This same phenomenon exists in videogames, with the very excellent indie hit Wizorb from Tribute Games -- which combines Breakout-style ball-bouncing with RPG-style spell amassing just hit Steam -- being just the latest in a very rarely (successfully and satisfyingly) revisited trend: games that seamlessly blend two different play styles into a wholly fresh and original experience. Gaming peanut butter, meet gaming chocolate: Topless Robot is rolling up its sleeves to look at some of the very best times developers decided to synergize where no one has dared synergize before.
11) Final Lap Twin
For whatever reason, RPGs are like the town bicycle of this list, so get ready to ride, hard. When it comes to sports games getting all up in RPGs' level-grinding grill, though, the clear standout is Final Lap Twin for the Turbo-Grafx 16. Basically, it's like your standard nonlinear RPG, only the protagonist's epic quest is to make his racing champ daddy proud of him. The random battles out in the overworld are, if you haven't guessed it already: races. Leveling up comes in the form of souping up your wheels more and more. Then, and only then, can you become the "world Baby Four-Wheel Drive Champion." It's worth noting there's a tennis version of this game as well from the same developer, Namco, but the true crime is that Hit the Ice, a canceled NES hockey RPG for the NES, sadly never hit shelves. Not sad because HTI was great - far from it - but because players never got to see this disturbing advice-giving screen from your coach about hamburgers.
10) Typing of the Dead
This one's an oldie but a goodie. In fact, it's hard to believe this typing educator/rail-shooter zombie blaster came out a dozen years ago. Even harder to believe? That's the last time zombies being introduced into something was an original, interesting, and surprising choice. What other pearls of wisdom do you have to offer the games industry, Mavis Beacon?
9) Metal Gear Acid
Leave it to Twitter-enthusiast foodie and occasional game director Hideo Kojima to turn his own convoluted series into a stealthy turn-based strategy collectible card game. What's more audacious? Slinging together that many descriptors, that that's the most concise way of describing this PSP game, or that it actually works astonishingly well?
8) Quest for Glory
Back not only when adventure games reigned supreme, but also they were actually kinda new, Sierra's Hero's Quest games were landmark for many reasons. Chief among those was because it had the ingenuity to mix classic adventure games and RPG elements. Its influence can be felt even as recently in games like Skyrim, which forces players to level up by actually doing things in the game world. Admittedly, it was somewhat less fun then: I remember spending days (in the game) trying to climb the same tree over and over again just to get my stealth up by one. But at the time, it still held enough sway and power to activate the endorphin rush known only to gamers who like seeing arbitrary stats increase by miniscule amounts. The visual representation to the text-heavy adventure only added to the fun - it was like the transition from radio to television by adding graphics to a text-based adventure game.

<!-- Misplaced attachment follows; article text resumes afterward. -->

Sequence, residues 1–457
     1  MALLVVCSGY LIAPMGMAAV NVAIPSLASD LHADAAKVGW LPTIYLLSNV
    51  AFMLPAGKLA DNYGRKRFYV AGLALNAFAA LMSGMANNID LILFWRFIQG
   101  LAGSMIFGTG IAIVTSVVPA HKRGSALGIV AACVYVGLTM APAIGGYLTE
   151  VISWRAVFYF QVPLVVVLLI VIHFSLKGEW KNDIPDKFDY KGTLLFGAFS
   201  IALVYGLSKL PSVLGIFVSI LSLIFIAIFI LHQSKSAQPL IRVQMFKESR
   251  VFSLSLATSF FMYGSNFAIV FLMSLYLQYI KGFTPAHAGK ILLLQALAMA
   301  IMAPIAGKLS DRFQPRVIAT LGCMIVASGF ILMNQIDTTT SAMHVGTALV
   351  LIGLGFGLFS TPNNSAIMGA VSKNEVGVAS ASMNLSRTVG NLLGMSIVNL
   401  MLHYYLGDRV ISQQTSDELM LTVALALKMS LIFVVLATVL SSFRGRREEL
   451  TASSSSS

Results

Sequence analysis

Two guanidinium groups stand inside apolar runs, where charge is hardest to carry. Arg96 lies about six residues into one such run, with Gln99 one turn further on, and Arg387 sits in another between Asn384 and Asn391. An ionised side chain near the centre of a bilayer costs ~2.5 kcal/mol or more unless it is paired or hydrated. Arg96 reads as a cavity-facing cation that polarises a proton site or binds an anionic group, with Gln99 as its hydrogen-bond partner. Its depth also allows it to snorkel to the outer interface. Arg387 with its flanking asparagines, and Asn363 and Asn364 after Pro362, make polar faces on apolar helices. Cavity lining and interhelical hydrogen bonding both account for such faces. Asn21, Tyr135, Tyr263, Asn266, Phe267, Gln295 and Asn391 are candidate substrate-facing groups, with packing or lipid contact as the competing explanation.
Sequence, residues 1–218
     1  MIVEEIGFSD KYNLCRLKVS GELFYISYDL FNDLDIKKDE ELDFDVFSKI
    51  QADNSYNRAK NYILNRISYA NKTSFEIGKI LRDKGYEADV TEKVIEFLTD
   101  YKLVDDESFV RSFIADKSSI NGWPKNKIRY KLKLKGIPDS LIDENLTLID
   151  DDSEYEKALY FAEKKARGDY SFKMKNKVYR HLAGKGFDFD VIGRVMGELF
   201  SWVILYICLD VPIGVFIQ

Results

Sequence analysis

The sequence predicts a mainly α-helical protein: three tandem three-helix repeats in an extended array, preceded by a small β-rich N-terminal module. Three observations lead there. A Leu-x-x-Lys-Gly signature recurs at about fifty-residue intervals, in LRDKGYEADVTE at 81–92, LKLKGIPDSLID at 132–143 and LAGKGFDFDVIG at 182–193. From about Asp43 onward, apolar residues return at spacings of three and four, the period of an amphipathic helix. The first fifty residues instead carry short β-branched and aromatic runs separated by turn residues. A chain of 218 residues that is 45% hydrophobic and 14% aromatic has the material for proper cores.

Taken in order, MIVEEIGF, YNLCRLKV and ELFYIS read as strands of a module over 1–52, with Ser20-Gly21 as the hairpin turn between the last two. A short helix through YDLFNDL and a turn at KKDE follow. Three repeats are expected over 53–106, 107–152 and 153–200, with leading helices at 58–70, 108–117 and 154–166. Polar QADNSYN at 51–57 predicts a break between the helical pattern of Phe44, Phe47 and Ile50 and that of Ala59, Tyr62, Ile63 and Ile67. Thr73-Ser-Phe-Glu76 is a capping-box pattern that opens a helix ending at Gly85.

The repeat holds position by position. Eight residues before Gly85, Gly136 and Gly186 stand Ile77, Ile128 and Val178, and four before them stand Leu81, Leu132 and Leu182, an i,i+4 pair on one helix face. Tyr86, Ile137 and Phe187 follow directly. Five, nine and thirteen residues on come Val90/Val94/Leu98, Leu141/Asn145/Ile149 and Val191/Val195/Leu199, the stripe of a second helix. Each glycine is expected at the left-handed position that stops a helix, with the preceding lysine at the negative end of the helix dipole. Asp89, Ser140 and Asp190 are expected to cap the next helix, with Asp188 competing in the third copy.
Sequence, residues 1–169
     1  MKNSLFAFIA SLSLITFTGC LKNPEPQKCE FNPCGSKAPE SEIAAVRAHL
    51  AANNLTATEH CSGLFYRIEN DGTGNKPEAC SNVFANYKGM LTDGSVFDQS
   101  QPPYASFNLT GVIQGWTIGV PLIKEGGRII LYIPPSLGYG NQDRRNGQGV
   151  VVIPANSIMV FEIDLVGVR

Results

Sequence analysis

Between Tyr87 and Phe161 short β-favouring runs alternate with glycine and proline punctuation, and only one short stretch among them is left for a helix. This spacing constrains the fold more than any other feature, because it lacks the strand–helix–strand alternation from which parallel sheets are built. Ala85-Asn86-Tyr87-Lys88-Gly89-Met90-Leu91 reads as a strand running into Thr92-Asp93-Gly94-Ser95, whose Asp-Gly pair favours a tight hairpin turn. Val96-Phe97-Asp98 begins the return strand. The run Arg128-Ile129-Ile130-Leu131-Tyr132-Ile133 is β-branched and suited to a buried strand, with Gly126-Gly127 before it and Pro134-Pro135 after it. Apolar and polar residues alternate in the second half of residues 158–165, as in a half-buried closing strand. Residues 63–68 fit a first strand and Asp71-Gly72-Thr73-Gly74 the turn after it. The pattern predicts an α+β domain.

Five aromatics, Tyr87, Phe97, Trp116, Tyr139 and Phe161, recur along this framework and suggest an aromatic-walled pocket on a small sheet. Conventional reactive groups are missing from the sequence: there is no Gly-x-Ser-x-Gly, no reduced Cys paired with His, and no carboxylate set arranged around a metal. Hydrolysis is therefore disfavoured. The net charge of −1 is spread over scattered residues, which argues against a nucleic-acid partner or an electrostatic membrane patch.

7) Recettear: A Item Shop's Sales
The proverbial they (not the shadow government) always say there are two sides to every story, and this sleeper PC hit puts you in control of Recette Lemongrass, RPG item-shop owner extraordinaire. Actually, she's not so great at it at first, and is only running the store to pay off a massive debt. So, there's a strong tycoon element to the game by trying to keep your combo chain (sequential successful sales) going and occasionally you can accompany an adventurer who takes you along into dungeons to scoop up rarer and more valuable items. There's a refreshing a respite in these sequences, where you take over as the adventurers. And then, after that, it's back to the exciting world of debt management!
Most players despised Turok: Dinosaur Hunter for its massive amount of first-person platforming, but Portal turned that into an asset by doing away with the enemies and, in their stead, placing sweet, delicious puzzles. That's right. We're saying Portal is basically one huge Turok rip-off.